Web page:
• qemu

    • creates /var/lib/runq/qemu
    • read-only volume attached to every container
    • contains qemu rootfs (proxy, qemu, kernel and initrd)
  • initrd

    • prepares the initrd to boot the VM
  • pkg

    • helper packages

runq-exec

runq-exec (/var/lib/runq/runq-exec) is a command line utility similar to docker exec. It allows running additional commands in existing runq containers executed from the host. It uses VirtioVsock for the communication between host and VMs. TLS is used for encryption and client authorization. Support for runq-exec can be disabled by setting the container environment variable RUNQ_NOEXEC to a true value or by --noexec in /etc/docker/daemon.json.

Usage:
  runq-exec [options] <container> command args

Run a command in a running runq container

Options:
  -c, --tlscert string    TLS certificate file (default "/var/lib/runq/cert.pem")
  -k, --tlskey string     TLS private key file (default "/var/lib/runq/key.pem")
  -e, --env stringArray   Set environment variables for command
  -h, --help              Print this help
  -i, --interactive       Keep STDIN open even if not attached
  -t, --tty               Allocate a pseudo-TTY
  -v, --version           Print version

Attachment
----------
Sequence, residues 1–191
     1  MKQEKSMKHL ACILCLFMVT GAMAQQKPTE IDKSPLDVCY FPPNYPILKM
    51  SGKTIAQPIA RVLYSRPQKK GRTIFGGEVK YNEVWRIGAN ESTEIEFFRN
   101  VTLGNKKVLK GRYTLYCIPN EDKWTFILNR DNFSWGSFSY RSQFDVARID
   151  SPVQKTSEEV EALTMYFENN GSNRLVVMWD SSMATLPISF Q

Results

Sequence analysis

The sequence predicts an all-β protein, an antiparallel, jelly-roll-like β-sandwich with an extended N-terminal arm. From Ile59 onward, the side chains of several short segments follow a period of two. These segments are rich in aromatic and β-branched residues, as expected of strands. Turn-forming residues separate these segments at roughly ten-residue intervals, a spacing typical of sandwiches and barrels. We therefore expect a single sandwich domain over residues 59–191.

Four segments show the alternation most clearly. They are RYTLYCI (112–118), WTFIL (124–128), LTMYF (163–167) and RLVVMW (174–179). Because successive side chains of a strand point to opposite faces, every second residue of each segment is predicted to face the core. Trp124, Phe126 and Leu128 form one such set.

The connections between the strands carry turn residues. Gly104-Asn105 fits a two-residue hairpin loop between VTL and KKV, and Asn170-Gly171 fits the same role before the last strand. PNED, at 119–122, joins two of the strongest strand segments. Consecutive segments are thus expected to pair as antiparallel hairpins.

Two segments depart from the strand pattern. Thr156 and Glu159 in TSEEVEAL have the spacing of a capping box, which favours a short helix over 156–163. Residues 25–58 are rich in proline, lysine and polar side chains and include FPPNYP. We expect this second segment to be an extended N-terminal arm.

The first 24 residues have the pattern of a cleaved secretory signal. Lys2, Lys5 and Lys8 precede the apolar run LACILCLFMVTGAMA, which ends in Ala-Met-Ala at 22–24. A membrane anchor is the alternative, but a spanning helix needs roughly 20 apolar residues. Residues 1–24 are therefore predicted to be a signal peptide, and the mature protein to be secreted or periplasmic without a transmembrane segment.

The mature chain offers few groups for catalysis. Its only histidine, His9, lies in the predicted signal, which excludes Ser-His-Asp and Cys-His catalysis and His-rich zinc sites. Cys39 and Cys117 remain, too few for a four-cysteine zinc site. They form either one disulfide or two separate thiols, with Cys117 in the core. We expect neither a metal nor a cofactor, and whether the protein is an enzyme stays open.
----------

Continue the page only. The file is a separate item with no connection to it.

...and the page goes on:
Environment Variable:
  DOCKER_HOST    specifies the Docker daemon socket.

Example:
  runq-exec -ti a6c3b7c bash

Qemu and guest Kernel

runq runs Qemu and Linux Kernel from the /var/lib/runq/qemu directory on the host. This directory is populated by make -C qemu. For simplicity Qemu and the Linux kernel are taken from the Ubuntu 18.04 LTS Docker base image. See qemu/x86_64/Dockerfile for details. This makes runq independent of the Linux distribution on the host. Qemu does not need to be installed on the host.

The kernel modules directory (/var/lib/runq/qemu/lib/modules) is bind-mounted into every container to /lib/modules. This allows the loading of extra kernel modules in any container if needed. For this SYS_MODULES capability is required (--cap-add sys_modules).

Networking

runq uses Macvtap devices to connect Qemu VirtIO interfaces to Docker bridges. By default a single Ethernet interface is created. Multiple networks can be used by connecting a container to the networks before start. See test/integration/net.sh as an example.

runq container can also be connected to one or more Docker networks of type Macvlan. This allows a direct connection between the VM and the physical host network without bridge and without NAT. See https://docs.docker.com/network/macvlan/ for details.

For custom networks the docker daemon implements an embedded DNS server which provides built-in service discovery for any container created with a valid container name. This Docker DNS server (listen address 127.0.0.11:53) is reachable only by runc containers and not by runq containers. A work-around is to run one or more DNS proxy container in the custom network with runc and use the proxy IP address for DNS of runq containers. See test/examples/dnsproxy.sh for details on how to setup a DNS proxy.